RFID in the Supply Chain
Another area that some retailers (especially private label) look at next is improving supply chain performance. As retailers scale up RFID adoption, they usually find it is much less expensive to apply RFID tags at the source, within the manufacturing operations, than it is to apply the tags at the retailer’s own DC or stores.6 Once a retailer is doing source tagging at the beginning of the supply chain, it becomes possible to read those tags to confirm that the correct items and quantities are being picked, packed, shipped, and received throughout the item’s journey from factory to store floor.
A retailer often starts these verification processes simply as a single step in the supply chain, either 1) in the DC pick-pack operation (verifying that the right items and quantities are packed), 2) DC shipping (verifying that the right items and quantity are put on the truck), or 3) store receiving (verifying that the right items/quantity have been received) — or some combination of those. Retailers, especially if they are private label retailers with strong influence over their suppliers, sometimes also ask their suppliers to use RFID during pick, pack, ship operations to reduce shipment errors. The infrastructure for the supply chain use case often includes handheld or tabletop readers for pick/pack verification; handheld, conveyor, or dock-door readers for shipment verification; and handheld or dock-door readers for store receiving.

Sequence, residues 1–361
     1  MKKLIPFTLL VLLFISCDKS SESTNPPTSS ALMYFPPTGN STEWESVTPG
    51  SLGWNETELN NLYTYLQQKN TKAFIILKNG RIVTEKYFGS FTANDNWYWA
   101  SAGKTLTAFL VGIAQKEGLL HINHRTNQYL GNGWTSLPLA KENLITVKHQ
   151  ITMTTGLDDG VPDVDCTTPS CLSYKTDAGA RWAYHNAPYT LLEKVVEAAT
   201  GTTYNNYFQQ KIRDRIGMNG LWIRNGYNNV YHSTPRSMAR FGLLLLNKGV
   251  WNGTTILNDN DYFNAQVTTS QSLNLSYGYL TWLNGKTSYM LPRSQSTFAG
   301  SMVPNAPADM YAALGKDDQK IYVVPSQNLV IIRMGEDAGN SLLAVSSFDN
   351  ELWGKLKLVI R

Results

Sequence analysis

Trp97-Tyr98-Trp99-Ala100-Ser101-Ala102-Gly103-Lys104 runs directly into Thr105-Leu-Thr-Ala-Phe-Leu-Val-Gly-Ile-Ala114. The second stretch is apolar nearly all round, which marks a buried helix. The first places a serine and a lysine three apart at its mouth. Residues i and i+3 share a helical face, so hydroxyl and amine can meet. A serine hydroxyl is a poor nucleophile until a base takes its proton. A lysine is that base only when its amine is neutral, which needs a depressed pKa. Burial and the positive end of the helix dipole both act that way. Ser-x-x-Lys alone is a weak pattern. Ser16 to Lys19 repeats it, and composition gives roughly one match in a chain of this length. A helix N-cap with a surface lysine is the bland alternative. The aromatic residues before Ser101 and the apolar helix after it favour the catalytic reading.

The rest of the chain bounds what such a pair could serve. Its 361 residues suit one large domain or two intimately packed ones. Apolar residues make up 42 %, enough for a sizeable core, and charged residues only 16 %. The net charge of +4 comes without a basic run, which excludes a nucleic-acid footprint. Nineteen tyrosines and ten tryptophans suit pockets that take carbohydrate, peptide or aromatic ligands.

In our surveys, loss prevention is one of the most popular use cases cited. However, it typically needs to be combined with store inventory management to achieve a compelling enough ROI. In early stages of deployment, RFID-based LP is frequently used to complement EAS systems, not replace them. While EAS alarms communicate that an active EAS tagged item has breached the exit of the store, RFID allows a retailer to collect item-specific information about what has been stolen, in real time.